Germany, Federal Court of Justice, Federal Prosecutor General, Fuel Tankers case, Decision, 16 April 2010, p. 60.
Germany’s Military Manual (1992) provides that military objectives include, in particular, “buildings and objects for combat service support”. 
Germany, Humanitarian Law in Armed Conflicts – Manual, DSK VV207320067, edited by The Federal Ministry of Defence of the Federal Republic of Germany, VR II 3, August 1992, English translation of ZDv 15/2, Humanitäres Völkerrecht in bewaffneten Konflikten – Handbuch, August 1992, § 443.
Germany’s Military Manual (1992) provides that military objectives include, in particular, “military aircraft and warships”. 
Germany, Humanitarian Law in Armed Conflicts – Manual, DSK VV207320067, edited by The Federal Ministry of Defence of the Federal Republic of Germany, VR II 3, August 1992, English translation of ZDv 15/2, Humanitäres Völkerrecht in bewaffneten Konflikten – Handbuch, August 1992, § 443.
In 2010, in the Fuel Tankers case, the Federal Prosecutor General at Germany’s Federal Court of Justice investigated whether war crimes or other crimes under domestic law had been committed in the course of an airstrike which was ordered by a colonel (Oberst) of the German armed forces against two tankers transporting fuel for the International Security Assistance Force in Afghanistan stolen by the Taliban near Kunduz and which resulted in the deaths of a number of civilians. The Federal Prosecutor General stated:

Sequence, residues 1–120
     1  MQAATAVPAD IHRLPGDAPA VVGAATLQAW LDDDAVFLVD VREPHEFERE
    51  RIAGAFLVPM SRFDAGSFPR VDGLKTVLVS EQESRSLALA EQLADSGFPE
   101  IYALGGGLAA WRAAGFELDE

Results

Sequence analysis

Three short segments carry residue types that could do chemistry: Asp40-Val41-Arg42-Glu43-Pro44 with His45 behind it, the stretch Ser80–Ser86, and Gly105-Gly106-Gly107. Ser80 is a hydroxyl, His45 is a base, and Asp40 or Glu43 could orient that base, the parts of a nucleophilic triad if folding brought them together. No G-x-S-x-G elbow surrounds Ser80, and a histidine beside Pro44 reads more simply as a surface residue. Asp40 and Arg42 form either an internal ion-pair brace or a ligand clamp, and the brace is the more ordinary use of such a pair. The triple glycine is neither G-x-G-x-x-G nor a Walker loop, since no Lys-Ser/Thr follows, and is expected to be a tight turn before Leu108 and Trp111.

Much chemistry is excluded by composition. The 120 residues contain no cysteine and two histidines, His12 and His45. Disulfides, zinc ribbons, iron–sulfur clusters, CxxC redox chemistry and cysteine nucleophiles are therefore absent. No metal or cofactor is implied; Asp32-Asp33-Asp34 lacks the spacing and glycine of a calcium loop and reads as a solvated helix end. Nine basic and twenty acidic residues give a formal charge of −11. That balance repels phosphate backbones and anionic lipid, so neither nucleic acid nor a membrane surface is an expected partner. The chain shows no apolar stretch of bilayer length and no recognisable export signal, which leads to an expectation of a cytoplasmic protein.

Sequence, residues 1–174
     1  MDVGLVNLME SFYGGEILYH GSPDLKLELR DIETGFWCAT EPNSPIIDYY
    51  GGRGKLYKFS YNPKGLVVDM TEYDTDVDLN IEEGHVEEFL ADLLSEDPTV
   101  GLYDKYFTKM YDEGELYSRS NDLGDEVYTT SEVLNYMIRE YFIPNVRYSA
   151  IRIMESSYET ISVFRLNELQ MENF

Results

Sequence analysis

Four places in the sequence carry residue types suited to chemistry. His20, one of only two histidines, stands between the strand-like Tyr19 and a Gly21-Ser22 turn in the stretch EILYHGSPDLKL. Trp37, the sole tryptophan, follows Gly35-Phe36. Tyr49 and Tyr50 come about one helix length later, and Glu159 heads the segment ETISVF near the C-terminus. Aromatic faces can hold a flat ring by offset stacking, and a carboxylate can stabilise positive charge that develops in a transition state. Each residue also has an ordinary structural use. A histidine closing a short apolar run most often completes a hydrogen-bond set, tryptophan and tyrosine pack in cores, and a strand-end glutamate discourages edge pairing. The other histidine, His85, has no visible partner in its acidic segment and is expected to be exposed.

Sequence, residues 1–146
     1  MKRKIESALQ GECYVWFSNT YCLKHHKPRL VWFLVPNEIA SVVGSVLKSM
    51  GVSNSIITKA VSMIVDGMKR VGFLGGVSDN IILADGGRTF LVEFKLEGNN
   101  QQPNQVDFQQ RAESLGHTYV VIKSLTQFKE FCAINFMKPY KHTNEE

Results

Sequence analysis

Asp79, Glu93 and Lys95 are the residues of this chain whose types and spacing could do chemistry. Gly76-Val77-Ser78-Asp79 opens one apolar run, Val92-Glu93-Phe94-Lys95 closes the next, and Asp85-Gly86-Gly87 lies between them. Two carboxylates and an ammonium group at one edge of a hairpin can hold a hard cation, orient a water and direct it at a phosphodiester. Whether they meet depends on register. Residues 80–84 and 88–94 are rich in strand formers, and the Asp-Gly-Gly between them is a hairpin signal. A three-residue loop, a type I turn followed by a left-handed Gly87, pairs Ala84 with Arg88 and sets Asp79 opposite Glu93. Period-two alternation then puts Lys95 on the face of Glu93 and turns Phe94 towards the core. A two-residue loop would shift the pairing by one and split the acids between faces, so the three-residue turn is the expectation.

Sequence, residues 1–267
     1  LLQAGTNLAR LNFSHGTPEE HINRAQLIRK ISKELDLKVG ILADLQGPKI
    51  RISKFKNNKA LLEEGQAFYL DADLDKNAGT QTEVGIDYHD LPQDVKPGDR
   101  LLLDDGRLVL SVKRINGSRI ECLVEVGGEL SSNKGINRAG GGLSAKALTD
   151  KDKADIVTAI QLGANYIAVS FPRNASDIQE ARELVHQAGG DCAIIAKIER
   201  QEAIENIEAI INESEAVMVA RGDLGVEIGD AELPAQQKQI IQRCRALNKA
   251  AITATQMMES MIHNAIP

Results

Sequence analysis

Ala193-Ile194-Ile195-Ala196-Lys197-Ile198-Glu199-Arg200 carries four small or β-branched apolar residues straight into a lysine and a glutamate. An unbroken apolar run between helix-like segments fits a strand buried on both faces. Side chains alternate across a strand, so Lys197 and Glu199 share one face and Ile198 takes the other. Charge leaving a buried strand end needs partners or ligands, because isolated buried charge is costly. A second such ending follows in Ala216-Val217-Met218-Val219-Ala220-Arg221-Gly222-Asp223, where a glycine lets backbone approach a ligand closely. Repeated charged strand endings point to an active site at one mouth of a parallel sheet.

Pursuant to § 170 para. 2 StPO [Penal Procedure Code], the investigation proceedings which were initiated by the order of 12 March 2010 against Colonel (Oberst) Klein and Company Sergeant Major (Hauptfeldwebel) Wilhelm due to suspected offences under the VStGB [International Crimes Code] and other offences are to be terminated as a result of the investigations conducted and based on the sources of information set out hereafter and on the reasons given in detail hereafter.